A new cellular model of C9orf72 ALS may facilitate the discovery of therapies for the most common form of the disease. The NSC34-based motor neuron model, which harbors 102 copies of the G4C2 repeat, is stable, isogenic and tetracycline-inducible. The cells, upon induction, exhibited key aspects of C9orf72 ALS including RNA foci and dipeptide repeat proteins, and resulted in reduced viability. No TDP-43 pathology, however, could be detected. The inducible cellular model may help researchers identify small molecule drugs that reduce potentially toxic RNAs and/or dipeptide repeat proteins in C9orf72ALS through the performance of high-throughput screens. The study is published online on February 1 in Human Molecular Genetics.
The strategy complements an existing approach, pioneered by Scripps Institute’s Matthew Disney in Florida, to design and synthesize small molecules that specifically target the tertiary structure of these expanded repeat RNAs, including quadruplexes (see March 2014 and October 2016 news). Reporting in 2014, the scientists, in collaboration with a multi-institutional ALS research team, found that one of these small molecules significantly reduced the number of C9orf72 RNA foci and dipeptide repeat protein inclusions in directly reprogrammed ALS patient-derived neurons (see August 2014 news; Su et al., 2014). The approach, being developed in collaboration with Mayo Clinic’s Leonard Petrucelli in Florida and Johns Hopkins University School of Medicine’s Jeff Rothstein in Maryland, is being optimized and is at the preclinical stage.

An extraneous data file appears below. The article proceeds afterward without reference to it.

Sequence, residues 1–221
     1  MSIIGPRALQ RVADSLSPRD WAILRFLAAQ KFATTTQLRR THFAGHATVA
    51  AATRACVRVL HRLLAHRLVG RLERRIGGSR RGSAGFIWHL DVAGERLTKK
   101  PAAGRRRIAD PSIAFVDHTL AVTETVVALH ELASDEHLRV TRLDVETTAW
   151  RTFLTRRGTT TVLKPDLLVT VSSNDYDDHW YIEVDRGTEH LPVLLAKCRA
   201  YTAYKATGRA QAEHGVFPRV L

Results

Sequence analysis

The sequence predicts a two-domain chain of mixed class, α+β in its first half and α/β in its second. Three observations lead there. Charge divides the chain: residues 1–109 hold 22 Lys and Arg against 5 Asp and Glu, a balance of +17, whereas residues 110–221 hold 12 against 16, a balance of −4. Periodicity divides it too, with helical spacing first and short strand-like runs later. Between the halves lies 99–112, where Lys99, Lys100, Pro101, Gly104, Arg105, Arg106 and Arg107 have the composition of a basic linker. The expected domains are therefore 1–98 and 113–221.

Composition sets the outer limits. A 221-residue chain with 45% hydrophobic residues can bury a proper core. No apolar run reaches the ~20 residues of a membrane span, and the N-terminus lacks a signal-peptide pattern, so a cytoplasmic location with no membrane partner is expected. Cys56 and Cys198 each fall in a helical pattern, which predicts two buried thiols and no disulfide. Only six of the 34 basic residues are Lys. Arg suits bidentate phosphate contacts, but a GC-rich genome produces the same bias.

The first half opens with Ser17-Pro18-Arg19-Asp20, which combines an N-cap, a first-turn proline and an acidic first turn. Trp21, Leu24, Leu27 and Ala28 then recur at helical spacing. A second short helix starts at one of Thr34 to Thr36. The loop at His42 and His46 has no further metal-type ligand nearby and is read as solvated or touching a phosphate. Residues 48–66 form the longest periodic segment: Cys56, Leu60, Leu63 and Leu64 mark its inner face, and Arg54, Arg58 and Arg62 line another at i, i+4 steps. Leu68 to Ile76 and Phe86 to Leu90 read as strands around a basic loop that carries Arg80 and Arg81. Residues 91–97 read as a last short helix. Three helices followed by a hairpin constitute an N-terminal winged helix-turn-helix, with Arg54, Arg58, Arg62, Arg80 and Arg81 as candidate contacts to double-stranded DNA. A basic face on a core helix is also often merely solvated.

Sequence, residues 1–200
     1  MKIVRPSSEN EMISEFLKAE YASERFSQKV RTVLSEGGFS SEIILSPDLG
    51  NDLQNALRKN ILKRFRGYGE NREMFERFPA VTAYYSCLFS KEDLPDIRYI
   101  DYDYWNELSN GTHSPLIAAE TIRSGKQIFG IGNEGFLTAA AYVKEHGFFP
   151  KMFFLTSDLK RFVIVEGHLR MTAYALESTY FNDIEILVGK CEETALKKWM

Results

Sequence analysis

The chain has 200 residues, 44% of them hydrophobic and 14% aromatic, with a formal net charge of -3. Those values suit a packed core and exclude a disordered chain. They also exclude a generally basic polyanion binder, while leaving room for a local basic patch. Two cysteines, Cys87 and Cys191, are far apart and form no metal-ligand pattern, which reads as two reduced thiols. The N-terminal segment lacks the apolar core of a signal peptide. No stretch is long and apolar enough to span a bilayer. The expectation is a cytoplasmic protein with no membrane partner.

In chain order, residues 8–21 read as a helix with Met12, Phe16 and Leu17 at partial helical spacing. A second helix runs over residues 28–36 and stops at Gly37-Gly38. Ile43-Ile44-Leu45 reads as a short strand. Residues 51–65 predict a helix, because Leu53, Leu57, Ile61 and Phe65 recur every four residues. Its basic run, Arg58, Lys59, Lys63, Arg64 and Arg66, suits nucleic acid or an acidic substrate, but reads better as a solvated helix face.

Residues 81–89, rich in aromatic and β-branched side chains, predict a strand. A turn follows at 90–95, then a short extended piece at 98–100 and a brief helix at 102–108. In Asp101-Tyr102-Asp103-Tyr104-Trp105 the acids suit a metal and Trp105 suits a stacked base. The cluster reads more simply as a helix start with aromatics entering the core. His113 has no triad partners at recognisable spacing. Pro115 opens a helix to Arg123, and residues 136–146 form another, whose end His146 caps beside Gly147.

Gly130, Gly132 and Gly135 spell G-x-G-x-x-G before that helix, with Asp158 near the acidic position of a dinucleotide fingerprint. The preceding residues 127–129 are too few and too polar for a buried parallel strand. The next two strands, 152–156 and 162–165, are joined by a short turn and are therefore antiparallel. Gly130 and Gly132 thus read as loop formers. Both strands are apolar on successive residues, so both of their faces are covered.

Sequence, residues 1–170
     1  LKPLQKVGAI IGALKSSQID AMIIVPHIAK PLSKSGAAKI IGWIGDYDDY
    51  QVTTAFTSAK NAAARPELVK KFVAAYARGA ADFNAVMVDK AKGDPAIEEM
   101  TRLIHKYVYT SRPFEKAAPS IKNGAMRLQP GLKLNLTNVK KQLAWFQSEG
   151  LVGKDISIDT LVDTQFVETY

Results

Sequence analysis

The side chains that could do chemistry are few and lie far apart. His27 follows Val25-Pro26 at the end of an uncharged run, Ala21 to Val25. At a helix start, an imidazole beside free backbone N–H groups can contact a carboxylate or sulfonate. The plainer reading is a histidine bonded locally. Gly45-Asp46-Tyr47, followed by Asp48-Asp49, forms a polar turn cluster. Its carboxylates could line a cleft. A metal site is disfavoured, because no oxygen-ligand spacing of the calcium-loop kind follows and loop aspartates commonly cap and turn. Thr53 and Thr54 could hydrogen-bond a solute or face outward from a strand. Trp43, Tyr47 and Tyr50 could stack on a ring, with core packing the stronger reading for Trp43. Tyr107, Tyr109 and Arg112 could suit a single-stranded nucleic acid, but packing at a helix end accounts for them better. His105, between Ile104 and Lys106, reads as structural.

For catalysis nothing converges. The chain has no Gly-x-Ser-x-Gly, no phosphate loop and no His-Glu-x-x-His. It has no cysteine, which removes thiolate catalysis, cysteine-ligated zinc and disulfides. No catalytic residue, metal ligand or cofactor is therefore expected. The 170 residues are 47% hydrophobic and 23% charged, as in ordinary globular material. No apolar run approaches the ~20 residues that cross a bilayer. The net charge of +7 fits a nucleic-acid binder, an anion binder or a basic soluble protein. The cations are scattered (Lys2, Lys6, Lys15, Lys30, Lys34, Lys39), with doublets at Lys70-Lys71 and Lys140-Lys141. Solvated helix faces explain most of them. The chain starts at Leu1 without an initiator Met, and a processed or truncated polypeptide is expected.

Meanwhile, antisense oligonucleotide strategies aiming to reduce levels of C9orf72 repeat RNAs are continuing to push toward the clinic (see May 2016 news). The project, led in part by University of California’s Don Cleveland in San Diego and Jeff Rothstein, is in collaboration with Biogen in Cambridge, Massachusetts and Ionis Pharmaceuticals in California. Stay tuned.
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